by John Paganelli, dad to Jordan
Jordan, I feel your energy on this day — the one they call “Father’s Day.” For me, each year, it is a day spent reflecting on what I have learned and how my life has been enriched from the unique privilege of being your dad.
In my mind, Father’s Day is not about ME…it’s about YOU.
Indeed, it’s about the children in our lives that enlighten and inspire us to peel back the painful layers of burden and reality so as to more clearly expose the somewhat hidden meanings and lessons of life. These lessons often come at a seemingly unfair price — that of sadness, disappointment, and relentless emotional pain. However, this unwelcome “price” quickly shrinks to insignificance as we reflect on the pure joy that comes with the privilege of being the parent of such a remarkable human being.
Since 2011, the El Paso Rhinos Ice Hockey Team has shaved with St. Baldrick’s. This year, the cause hit close to home when a Rhino’s bantam player was diagnosed with pediatric cancer. Photos by Oscar Yanez
Katie, a 15-year-old Rhino bantam player, discovered a lump on her leg while playing hockey. Katie is now in treatment for alveolar rhabdomyosarcoma, a type of childhood cancer.
Katie, a 15-year-old Rhino bantam player, was diagnosed last year with alveolar rhabdomysarcoma, a type of childhood cancer.
Katie first noticed a bump on her leg while playing hockey. A month later, the bump had gotten bigger, and her parents took her to the doctor. A tumor was discovered in her leg, and a CT scan revealed the cancer in her leg, hip, shoulder, and spine.
“As a team and as an organization, the St. Baldrick’s event really brings the Rhino family closer together,” says Tom Herman, Director of Youth Hockey and assistant coach for the Rhinos.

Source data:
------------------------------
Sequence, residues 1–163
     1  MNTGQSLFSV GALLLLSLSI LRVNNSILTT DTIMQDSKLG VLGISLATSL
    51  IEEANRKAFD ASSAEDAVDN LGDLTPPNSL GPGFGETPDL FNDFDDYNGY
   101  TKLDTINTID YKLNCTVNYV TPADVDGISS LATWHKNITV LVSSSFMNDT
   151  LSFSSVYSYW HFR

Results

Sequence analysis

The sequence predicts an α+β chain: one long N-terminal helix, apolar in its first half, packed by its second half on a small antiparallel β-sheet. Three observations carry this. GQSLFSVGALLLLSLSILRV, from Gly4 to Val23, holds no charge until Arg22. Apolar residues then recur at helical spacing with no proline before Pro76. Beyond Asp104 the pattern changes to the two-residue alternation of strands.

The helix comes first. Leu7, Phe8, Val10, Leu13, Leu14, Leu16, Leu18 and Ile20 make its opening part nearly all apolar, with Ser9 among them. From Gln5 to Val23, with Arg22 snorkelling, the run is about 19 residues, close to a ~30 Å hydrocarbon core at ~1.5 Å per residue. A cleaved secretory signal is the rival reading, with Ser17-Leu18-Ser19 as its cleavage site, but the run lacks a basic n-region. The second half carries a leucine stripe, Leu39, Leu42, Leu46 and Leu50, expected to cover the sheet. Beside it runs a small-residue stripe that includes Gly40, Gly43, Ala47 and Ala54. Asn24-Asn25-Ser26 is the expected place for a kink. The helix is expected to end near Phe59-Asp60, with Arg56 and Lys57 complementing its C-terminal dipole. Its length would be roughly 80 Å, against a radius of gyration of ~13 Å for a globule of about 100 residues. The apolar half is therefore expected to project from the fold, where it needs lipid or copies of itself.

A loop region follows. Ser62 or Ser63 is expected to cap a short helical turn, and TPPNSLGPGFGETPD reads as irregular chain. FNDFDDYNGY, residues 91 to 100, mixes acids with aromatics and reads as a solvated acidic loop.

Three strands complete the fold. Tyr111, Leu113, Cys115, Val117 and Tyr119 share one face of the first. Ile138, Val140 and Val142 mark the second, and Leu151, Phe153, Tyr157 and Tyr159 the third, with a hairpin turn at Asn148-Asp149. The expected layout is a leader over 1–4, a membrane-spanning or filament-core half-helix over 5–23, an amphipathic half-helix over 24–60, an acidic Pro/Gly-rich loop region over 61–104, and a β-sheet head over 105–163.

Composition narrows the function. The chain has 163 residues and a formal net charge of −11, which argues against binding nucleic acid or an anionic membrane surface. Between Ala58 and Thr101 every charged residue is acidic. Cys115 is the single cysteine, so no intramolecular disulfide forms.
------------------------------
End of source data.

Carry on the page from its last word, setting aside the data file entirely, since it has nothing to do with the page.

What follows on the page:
What is alveolar rhabdomyosarcoma?
There are two main types of pediatric rhabdomyosarcoma: embryonal rhabdomyosarcoma and alveolar rhabdomyosarcoma.
- Embryonal rhabdomyosarcoma (ERMS) occurs most often in children under 10 years old and is found in the head, neck, urinary tract, or reproductive organs. It is the most common type.
- Alveolar rhabdomyosarcoma (ARMS) is more aggressive, occurs more commonly in teens or young adults, and usually starts in the torso, arms, or legs.
Rhabdomyosarcoma is the most common soft tissue cancer in children, with approximately 350 new cases each year in the United States.
Motherhood is a sweet privilege.
Having a child with cancer is a cruel torture.
My daily reality: Being “that” mother who lost her child to cancer.
Four years ago, during the latter stages of Jordan’s cancer treatments for alveolar rhabdomyosarcoma, our family was invited to be the PGA’s special guests at “The Players” Championship Golf Tournament in Jacksonville, Florida.
That would be my last Mother’s Day with Jordan.
Happy Valentine’s Day Jordan!We cherish the memory of you in our lives. Indeed, we deeply miss the warmth of your beautiful smile that magically brought a sense of purpose and harmony to each and every day. Thoughts of you gently capture and fill our souls as we navigate an empty world without you in it. You were, and continue to be, such a remarkable young man—unique and tender in so many ways. You selflessly taught us more during your struggle and in your death than we could have ever taught you in life; and, your courageous journey continues to serve as a beacon of hope and inspiration for countless others as they walk their own paths of challenge and adversity. The calm and humble strength of your perpetual spirit radiates positive energy and love while showering the world with the light of renewed purpose and resolve.
When he was 16, Jordan was diagnosed with a very aggressive soft-tissue sarcoma. The doctor said, “We have your diagnosis. It’s alveolar rhabdomyosarcoma, and you will most likely not survive.” Jordan responded with strength and a sense of calm. He was the very definition of grace, courage and strength. After 23 months of treatment, Jordan passed away five days before his 18th birthday.